Philadelphia schools freed themselves from the state control of the School Reform Commission thanks to the sustained activism of numerous parents, teachers, and students across the city. But now that we have a school board appointed by the mayor, the current board and superintendent seem determined, at every opportunity, to shut out the voices of those they serve.

With the unveiling of their new “Goals and Guardrails,” the board has promised a renewed focus, but they have repeatedly shown contempt for our voices. According to the school board, Goals and Guardrails aims to prioritize diverse voices and to create time for the board to spend more of its time scrutinizing the administration on academic performance.

This board cannot achieve any of their stated goals unless they repair the trust and relationships with the people in the schools: the students, families, and teachers.

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Instead, the board has responded to increased education activism by introducing a raft of new policies designed to silence the participation of their main constituents.

Changes include limiting the number of speakers at each board meeting to 10 students and 30 members of the general public and restricting each speaker to two minutes. The board has replaced committee meetings — which were the only chance for the public to comment on initiatives before they come to a vote at action meetings — with written comments that are little more than a suggestion box.

The proposed community conversations, which are supposed to happen four or five times a year, are not a replacement for the monthly committee meetings and show that the board sees engagement as little more than a coffee hour.

There have been plenty of speakers at action meetings over the last few years who have tried to tell the board and district about the issues “revealed” in Thursday night’s marathon Goals and Guardrails meeting — if they had been listening.

Similarly, parents implored the district and board at a lengthy pair of meetings over the summer not to reopen schools last fall. One of the biggest problems with district leadership is that they spend too much time listening to consultants instead of listening to the people, which is not only disrespectful to those of us who care deeply about our schools but leads invariably to wasteful spending and inefficiency.

This was true of that initial reopening process, which wasted precious time and money on plans that went straight into the trash when reality finally hit. It is true again now, with Superintendent William R. Hite Jr. announcing a new reopening date after the opportunity to submit any kind of testimony had closed, instead focusing on the perspectives they want to hear to support the moves they’ve already chosen to make.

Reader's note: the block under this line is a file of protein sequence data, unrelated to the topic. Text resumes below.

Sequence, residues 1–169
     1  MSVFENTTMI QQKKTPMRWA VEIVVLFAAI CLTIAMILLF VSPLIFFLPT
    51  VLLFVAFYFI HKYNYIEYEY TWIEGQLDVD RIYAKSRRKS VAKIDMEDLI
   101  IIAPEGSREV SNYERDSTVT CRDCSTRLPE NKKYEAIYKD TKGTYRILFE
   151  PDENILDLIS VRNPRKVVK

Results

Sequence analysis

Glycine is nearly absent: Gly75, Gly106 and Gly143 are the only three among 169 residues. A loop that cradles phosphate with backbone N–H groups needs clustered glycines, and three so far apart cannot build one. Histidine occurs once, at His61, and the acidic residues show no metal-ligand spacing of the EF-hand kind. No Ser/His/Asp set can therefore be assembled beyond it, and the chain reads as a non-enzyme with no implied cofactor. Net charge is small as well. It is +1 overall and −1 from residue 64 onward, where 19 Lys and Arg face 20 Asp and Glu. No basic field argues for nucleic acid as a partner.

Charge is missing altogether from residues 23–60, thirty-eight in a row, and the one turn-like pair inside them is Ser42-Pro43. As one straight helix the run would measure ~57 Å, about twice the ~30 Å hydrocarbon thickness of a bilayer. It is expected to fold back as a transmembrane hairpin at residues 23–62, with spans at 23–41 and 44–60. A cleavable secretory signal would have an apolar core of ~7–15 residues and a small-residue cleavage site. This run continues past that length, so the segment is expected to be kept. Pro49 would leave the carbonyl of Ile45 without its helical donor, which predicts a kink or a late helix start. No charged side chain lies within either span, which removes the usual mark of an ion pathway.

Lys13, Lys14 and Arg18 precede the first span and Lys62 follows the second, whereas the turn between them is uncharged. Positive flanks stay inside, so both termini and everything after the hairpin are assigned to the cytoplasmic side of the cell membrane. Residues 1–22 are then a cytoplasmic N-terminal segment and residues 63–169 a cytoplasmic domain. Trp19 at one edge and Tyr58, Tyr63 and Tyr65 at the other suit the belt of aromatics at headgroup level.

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If Hite and the board are tired of the marathon meetings, then they could always consider not making historically unpopular decisions.

If too much time is being taken up by speakers, then they could cut into the seemingly limitless time given to charter authorizers and consultants looking for contracts, instead of taking away one of the already paltry three minutes given to the people who are actually part of the district community.

The board could stop giving do-overs on votes that should’ve been settled, like the monumentally foolish Hilco tax break that was killed the first time after public outcry, only to rear its head at the next meeting until they got the desired result.

If nothing else, if Hite and the Board of Education do not want to spend their Thursday nights listening to the voices of the people, then they should resign.

The board can claim they’re listening, but at a certain point, when nothing changes, perception is reality. And right now, the perception among people who dedicate hours of their free time to fight for the schools they love is that one of the few doors left open to them is being slammed in their faces.

District leadership may believe they can solve all their problems by silencing any voices calling them out. But in the words of our inaugural poet Amanda Gorman, “We’ve learned that quiet isn’t always peace.” If they can’t listen, then they should quit. If they won’t, then it’s on Mayor Jim Kenney and City Council to make them.

Stephanie King is the president of Kearny Friends, the community group supporting Gen. Philip Kearny School in Northern Liberties.